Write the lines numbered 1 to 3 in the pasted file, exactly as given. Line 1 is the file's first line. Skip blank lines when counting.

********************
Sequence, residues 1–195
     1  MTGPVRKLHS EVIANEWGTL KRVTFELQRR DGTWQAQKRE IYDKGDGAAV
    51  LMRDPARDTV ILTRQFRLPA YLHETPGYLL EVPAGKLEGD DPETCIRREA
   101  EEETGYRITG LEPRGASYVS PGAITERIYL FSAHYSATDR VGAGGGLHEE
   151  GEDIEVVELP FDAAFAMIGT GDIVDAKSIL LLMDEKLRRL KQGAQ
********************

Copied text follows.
Sequence, residues 1–195
     1  MTGPVRKLHS EVIANEWGTL KRVTFELQRR DGTWQAQKRE IYDKGDGAAV
    51  LMRDPARDTV ILTRQFRLPA YLHETPGYLL EVPAGKLEGD DPETCIRREA